My favorite interaction stars a 4-year-old storyteller with uncertain grammar. During play time, he took me by the hand and led me back to the storytime chair. He patted the floor to show that I was to sit facing the chair. Then he climbed into it.
Boy: I tell story. My turn.
Me: Okay, I’m ready. Tell me a story.
Boy: Once upon a time, there Pennywise. Him clown.
I was surprised and don’t recall the rest of the story verbatim. I believe Pennywise led the world’s greatest villains in a coordinated assault on the civilized world, but then he double-crossed and killed them all because he was really a good guy all along. This must be what it would be like to have young Stephen King at storytime.
We’ve met a few children with dark imaginations.
My colleague Amber recalls a child playing with toy cars after a storytime. He crashed them into each other head on, made some small screams, then somberly declared, “They’re in a fiery Hell now, and nobody brought the marshmallows.”
If the last few stories were too dark for your taste, rest assured that we also meet sweet children in the library. In fact, one child came to the Airway Heights Library to give the staff a handmade “Good Citizen Award.”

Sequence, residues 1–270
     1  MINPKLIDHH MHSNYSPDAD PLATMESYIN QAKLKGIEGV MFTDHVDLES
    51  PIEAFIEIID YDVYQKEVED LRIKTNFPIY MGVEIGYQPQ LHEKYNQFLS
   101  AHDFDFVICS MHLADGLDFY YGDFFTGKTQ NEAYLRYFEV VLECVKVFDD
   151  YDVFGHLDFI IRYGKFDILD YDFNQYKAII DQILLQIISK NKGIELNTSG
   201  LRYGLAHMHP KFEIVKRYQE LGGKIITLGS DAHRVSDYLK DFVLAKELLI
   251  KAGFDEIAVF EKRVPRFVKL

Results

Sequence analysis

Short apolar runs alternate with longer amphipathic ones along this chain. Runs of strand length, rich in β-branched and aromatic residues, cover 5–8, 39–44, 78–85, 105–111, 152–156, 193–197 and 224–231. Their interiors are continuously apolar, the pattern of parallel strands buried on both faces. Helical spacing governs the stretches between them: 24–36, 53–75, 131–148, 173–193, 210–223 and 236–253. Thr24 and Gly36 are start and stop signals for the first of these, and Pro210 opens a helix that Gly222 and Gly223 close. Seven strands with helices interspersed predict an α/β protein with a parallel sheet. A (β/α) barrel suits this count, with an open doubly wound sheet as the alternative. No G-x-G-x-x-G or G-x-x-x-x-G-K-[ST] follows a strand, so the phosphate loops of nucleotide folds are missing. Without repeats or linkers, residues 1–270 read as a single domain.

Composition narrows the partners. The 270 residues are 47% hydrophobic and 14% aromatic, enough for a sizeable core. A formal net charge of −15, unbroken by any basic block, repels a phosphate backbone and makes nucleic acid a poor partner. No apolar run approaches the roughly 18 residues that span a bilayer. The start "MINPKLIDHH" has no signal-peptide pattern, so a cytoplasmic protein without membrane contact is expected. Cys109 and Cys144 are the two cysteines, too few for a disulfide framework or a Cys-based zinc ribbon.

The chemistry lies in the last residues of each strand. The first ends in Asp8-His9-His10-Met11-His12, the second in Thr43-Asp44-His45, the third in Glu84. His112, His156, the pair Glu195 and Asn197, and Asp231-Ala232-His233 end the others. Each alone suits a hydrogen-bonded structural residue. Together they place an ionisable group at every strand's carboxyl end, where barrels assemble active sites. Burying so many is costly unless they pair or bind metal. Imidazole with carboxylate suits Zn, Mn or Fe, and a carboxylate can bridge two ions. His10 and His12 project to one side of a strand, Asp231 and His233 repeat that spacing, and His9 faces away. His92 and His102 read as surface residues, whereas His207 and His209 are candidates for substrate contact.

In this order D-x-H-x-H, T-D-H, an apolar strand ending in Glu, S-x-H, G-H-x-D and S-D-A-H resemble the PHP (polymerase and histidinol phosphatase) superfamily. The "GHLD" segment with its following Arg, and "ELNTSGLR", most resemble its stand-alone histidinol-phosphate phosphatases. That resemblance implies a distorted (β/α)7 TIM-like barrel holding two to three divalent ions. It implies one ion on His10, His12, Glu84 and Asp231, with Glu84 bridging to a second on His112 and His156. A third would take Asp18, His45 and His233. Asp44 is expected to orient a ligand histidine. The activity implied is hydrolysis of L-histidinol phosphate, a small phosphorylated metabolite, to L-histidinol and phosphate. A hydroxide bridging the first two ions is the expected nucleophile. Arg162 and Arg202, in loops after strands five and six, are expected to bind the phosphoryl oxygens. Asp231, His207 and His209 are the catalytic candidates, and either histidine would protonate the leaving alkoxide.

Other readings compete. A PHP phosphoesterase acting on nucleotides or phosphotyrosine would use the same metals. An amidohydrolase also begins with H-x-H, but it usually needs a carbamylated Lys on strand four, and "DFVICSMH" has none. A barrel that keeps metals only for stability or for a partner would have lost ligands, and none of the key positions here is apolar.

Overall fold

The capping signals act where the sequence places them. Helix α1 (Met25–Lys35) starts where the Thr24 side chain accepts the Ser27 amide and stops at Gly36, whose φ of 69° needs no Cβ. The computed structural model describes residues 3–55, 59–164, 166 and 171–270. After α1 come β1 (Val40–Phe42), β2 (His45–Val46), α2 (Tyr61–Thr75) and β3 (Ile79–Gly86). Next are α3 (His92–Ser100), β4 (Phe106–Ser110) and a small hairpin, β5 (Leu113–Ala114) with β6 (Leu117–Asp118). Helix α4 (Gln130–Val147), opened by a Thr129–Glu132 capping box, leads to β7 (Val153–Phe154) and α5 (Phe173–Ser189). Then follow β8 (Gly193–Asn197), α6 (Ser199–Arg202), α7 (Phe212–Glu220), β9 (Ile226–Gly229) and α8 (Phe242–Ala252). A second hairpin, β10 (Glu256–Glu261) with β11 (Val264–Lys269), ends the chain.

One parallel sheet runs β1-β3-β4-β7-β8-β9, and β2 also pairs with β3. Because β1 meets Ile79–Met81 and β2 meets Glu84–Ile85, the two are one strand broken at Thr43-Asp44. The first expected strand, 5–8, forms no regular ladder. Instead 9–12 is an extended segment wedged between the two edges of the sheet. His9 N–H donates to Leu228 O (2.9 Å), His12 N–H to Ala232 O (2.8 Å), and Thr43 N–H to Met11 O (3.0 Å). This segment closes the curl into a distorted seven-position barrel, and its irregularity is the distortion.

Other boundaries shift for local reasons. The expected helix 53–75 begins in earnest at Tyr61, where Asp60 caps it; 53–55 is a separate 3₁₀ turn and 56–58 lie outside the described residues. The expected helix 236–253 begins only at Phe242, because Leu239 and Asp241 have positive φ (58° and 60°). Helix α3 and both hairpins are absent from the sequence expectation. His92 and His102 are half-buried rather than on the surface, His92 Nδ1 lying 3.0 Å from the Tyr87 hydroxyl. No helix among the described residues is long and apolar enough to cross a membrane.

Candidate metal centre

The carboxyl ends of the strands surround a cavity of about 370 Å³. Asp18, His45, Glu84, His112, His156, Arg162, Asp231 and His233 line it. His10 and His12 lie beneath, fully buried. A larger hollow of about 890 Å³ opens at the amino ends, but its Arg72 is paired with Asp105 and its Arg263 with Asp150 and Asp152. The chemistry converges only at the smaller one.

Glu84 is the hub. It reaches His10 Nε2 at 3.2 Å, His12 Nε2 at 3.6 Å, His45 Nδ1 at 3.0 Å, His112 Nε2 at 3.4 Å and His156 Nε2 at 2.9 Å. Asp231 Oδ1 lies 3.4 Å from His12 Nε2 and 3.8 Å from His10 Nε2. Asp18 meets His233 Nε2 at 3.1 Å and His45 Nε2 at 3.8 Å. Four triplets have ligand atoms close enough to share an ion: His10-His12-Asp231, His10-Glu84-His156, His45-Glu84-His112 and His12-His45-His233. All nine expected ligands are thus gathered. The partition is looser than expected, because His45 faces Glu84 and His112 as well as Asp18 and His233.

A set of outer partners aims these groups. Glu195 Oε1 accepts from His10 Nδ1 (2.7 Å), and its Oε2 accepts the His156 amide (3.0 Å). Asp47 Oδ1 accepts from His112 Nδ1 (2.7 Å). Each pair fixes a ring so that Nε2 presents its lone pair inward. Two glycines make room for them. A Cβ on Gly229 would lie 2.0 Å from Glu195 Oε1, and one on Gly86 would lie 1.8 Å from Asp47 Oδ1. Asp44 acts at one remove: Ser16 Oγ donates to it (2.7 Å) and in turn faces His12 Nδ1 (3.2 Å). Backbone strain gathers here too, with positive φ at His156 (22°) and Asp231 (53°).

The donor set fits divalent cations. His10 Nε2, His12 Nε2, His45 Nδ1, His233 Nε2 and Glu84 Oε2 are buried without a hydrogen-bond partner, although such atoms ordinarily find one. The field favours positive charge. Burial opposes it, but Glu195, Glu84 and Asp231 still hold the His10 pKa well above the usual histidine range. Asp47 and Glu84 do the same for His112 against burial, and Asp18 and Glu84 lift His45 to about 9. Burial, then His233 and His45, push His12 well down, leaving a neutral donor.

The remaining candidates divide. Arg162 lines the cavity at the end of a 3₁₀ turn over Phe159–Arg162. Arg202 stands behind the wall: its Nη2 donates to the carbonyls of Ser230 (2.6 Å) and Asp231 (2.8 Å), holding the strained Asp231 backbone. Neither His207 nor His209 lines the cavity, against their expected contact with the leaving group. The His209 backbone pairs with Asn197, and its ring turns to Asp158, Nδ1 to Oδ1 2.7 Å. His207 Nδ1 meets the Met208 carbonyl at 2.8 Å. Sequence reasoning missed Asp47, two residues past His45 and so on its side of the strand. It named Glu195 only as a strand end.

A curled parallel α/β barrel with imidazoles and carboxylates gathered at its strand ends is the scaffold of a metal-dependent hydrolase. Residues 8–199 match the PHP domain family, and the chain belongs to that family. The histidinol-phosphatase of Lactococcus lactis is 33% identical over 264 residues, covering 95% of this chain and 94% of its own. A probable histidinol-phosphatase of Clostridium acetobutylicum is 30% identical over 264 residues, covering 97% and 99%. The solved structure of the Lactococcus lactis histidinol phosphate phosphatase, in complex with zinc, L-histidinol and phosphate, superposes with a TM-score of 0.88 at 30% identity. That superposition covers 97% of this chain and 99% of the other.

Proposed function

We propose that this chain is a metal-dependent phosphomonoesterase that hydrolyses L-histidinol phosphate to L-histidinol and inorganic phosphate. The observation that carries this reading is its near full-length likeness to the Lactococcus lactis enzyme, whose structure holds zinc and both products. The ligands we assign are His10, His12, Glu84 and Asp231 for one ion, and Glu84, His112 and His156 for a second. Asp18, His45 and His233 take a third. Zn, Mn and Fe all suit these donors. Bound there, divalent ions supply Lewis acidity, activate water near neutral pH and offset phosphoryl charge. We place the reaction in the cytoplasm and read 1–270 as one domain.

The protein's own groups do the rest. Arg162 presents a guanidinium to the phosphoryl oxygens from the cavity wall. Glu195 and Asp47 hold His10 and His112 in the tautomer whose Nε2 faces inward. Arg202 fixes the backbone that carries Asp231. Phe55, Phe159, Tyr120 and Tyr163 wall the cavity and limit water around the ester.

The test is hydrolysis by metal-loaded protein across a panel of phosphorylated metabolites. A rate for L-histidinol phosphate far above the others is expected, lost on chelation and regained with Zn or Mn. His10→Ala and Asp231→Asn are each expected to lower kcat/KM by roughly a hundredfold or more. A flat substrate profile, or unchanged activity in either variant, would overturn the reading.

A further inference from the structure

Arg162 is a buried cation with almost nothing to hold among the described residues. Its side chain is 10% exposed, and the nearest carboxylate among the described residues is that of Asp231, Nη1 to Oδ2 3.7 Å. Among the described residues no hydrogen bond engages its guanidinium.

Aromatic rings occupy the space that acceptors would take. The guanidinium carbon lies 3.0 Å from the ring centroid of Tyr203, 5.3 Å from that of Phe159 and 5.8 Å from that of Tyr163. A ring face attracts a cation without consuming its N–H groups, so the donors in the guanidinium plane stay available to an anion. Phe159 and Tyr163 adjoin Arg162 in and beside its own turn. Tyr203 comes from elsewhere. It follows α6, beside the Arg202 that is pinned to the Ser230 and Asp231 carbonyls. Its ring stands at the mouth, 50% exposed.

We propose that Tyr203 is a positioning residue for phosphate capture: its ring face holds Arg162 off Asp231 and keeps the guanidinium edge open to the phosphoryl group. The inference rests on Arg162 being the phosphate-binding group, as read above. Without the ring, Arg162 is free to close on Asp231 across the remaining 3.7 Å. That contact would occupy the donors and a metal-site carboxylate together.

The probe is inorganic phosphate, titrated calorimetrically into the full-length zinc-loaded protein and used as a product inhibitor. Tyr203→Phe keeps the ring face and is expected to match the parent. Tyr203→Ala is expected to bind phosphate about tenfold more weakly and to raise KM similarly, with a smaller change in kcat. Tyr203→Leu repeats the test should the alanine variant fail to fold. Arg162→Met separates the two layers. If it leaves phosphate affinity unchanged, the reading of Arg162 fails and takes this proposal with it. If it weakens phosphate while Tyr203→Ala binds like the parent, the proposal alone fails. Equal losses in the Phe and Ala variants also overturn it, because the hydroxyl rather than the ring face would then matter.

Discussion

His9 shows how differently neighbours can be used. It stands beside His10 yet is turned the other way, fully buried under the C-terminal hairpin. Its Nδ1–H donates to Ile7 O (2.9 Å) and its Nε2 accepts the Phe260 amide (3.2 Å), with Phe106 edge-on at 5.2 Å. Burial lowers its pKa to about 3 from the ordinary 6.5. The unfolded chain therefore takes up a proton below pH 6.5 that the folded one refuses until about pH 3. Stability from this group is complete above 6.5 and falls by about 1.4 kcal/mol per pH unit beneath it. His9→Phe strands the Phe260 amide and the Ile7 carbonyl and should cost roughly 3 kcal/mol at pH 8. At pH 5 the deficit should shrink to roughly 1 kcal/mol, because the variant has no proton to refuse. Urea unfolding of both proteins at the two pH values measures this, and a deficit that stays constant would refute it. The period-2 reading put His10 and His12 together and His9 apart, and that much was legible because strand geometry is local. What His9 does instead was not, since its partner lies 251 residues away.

Bulletin boards in staff areas are often graced with artwork and thank you notes from children. Here are a couple from our archive.
In fact, any time my enthusiasm wanes, a child is sure to come into the library and remind me just how cool my job is.
During a visit to Spokane Valley Library, one child proclaimed, “This library is like a dreamland! Not only does it have books, which I love, and music CDs, which I love, but also a 3D printer!”
A dreamland indeed.
On behalf of all the library staff, I’d like to thank all the parents and educators who bring children to the library. We know it can be difficult to get small children in and out of the car. And this year’s snowfall hasn’t helped.
So kudos to you, parents, who make the trek to the library. You are investing in your child’s future, and you and your children are what keeps us going.
Dana Mannino is a librarian at Spokane County Library District. She plans library programs for adults and serves as an SCLD liaison to the Latinx community. At home, she hosts biannual Lord-of-the-Rings–themed parties and watches BritBox. How does she take her tea? Very, very seriously.